NDIS algorithms and King Henry VIII powers


Marie Johnson
Contributor

The political repudiation of the Commonwealth’s proposed changes to the National Disability Insurance Scheme by all States and Territories was far more than a routine stoush of the federation.

What exploded on Friday 9 July was an episode of the conjunction of two extremely powerful forces – algorithms and King Henry VIII powers – each of which separately obliterates transparency and accountability.

‘King Henry VIII clauses’ are so named because of the unchecked power these involve.

When combined, the impact of algorithms and King Henry VIII powers on Australian citizens is unfathomable. These two forces are eating away at our democracy.

Marie Johnson
Marie Johnson on the NDIS blow-up over independent assessments

What exploded was not a fight about ‘reform’.

You see, the disability community desperately wants reform: after all, it was from the community that the NDIS was created. But reform is needed because the NDIS has been either accidentally or intentionally steered away from its intended purpose.

And the community might just know a thing or two about exactly where that reform is needed.

Brilliant insights for reform are detailed in more than 300 submissions to the Senate inquiry on independent assessments. And in countless submissions to a great many inquiries into the NDIS across its short eight-year life. The reform pathway is hiding in plain sight.

Fixated on the fallacious doctrine that anything can be automated – including apparently people’s lives and bad processes – the ‘listening theatre’ of government is not ‘hearing’ the universal calls for co-design whilst selectively referencing experts and elements of strategic reports going back to the original 2011 Productivity Commission Report.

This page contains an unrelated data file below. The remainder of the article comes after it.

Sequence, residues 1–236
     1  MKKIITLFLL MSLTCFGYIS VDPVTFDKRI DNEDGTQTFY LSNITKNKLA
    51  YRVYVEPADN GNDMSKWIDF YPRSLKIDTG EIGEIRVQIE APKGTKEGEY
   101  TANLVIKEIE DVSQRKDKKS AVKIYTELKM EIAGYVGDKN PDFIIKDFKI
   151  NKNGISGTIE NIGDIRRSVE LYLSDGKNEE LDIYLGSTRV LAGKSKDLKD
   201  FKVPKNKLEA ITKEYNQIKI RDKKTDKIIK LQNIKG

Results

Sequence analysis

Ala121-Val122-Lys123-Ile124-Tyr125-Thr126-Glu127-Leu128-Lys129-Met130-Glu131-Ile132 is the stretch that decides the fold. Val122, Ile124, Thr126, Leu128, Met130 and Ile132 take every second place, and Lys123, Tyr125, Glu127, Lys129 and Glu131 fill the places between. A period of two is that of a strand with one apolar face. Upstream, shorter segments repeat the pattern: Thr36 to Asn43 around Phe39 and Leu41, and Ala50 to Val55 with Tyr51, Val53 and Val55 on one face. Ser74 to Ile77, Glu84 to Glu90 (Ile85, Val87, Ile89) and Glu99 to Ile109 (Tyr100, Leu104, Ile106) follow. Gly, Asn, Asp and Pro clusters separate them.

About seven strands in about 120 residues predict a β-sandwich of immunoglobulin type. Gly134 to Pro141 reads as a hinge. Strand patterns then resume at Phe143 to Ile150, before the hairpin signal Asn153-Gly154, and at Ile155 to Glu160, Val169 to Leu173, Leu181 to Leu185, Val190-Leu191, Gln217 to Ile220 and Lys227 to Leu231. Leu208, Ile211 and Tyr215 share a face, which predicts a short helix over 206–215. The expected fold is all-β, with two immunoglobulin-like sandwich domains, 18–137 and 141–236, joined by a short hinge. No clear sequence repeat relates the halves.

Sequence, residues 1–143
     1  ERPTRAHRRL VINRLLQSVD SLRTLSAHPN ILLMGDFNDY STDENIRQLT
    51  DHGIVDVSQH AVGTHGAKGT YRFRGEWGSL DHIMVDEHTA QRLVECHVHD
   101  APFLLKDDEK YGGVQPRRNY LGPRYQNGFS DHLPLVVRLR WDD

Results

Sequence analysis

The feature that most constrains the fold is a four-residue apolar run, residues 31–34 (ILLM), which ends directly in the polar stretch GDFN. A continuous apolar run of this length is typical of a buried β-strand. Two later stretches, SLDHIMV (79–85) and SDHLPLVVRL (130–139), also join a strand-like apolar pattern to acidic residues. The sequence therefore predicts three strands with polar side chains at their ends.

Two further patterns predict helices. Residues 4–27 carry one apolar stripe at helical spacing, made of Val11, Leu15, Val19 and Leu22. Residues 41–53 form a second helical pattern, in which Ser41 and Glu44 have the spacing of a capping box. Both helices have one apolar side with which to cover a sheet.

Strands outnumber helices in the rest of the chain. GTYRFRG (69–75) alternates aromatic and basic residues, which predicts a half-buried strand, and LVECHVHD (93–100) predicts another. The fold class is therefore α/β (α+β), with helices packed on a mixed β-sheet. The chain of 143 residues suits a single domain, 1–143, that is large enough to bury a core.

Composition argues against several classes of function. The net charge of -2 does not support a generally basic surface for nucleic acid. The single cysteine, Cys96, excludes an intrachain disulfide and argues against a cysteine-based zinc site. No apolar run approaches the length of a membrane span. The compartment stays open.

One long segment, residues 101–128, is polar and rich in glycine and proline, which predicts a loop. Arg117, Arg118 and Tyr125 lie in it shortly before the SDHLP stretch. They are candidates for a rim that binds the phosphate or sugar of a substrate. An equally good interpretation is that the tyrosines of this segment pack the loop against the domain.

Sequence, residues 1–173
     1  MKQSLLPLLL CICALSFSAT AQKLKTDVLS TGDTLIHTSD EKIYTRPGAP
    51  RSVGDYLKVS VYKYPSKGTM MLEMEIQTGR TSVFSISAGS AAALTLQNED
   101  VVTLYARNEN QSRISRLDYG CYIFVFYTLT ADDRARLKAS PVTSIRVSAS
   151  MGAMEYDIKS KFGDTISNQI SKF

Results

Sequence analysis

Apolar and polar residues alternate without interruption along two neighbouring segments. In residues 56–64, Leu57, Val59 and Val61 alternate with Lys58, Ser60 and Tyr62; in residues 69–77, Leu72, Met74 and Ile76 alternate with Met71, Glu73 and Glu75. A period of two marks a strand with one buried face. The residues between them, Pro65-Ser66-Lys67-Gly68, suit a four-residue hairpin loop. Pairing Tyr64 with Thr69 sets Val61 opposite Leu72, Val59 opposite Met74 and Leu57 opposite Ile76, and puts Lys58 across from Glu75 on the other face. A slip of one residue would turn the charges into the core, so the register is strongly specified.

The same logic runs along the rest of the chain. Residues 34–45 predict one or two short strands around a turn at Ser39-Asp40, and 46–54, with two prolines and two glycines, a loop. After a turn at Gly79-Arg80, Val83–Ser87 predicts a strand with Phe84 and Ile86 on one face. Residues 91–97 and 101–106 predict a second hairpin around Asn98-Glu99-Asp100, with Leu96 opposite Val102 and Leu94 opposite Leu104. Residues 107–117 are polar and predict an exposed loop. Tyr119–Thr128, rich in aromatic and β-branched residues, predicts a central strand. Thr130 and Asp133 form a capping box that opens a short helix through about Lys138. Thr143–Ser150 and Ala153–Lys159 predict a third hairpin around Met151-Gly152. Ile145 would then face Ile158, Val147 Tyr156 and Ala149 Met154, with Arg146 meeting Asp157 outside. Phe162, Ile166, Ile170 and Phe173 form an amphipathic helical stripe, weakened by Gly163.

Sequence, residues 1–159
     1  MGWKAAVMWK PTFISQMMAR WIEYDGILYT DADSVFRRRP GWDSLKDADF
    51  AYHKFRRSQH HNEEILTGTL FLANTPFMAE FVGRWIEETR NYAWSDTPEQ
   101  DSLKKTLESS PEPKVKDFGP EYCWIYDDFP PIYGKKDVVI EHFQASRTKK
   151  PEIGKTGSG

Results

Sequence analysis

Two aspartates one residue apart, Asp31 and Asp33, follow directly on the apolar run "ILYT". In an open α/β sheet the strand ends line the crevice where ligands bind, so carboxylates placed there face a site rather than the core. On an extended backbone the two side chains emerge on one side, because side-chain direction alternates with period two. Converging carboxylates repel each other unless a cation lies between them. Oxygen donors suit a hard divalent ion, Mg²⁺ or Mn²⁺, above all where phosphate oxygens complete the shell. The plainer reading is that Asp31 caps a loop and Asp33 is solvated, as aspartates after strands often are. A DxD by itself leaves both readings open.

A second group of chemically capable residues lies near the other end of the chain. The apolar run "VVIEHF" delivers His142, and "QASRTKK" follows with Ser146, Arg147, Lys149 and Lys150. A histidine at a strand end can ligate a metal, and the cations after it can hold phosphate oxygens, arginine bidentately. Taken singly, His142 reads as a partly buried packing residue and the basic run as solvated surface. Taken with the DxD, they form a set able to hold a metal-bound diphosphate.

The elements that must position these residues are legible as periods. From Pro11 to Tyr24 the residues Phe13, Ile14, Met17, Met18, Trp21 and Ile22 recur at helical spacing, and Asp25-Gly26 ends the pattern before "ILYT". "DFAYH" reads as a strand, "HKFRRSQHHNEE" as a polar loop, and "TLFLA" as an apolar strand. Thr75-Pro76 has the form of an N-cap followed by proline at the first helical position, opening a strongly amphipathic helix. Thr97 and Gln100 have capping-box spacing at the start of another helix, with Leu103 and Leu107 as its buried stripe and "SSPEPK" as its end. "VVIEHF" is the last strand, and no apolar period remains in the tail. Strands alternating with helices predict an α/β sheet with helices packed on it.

What I and hundreds of thousands of disabled people and their families want to know is:

  • Why does it take a year to change bank account details?
  • Why does it take two years for kids’ wheelchairs to be approved – a quarter of the time that the NDIS has been in existence?
  • Why are sensitive reports and documents sent to the NDIA, repeatedly lost?
  • Why do we receive plans containing other people’s highly confidential details?
  • Why do NDIS plans have allocated funds of $2.02 for two years (this is not a typo)?
  • And why during the Independent Assessment campaign, were people receiving multiple cold call spam-like text messages, again often containing other people’s private details?

How this happens is a daisy chain of unmonitored mailboxes; no intelligent workflow; process dead-ends; off-system manual manipulation of data and documents; metastasised off-system databases; the passing around of spreadsheets; and a grotesquely complex website that makes a mockery of any notion of accessibility and inclusion.

That this happens so systemically is evidence of defective systems and processes at the core.

And pasted on top of these defective systems, will be defective algorithms.

Algorithms based on 400 personas that have not been co-designed, scrutinised, validated nor apparently tested. This is akin to having an algorithm developed to detect cancer from scans, without the process and algorithm validated by cancer domain experts.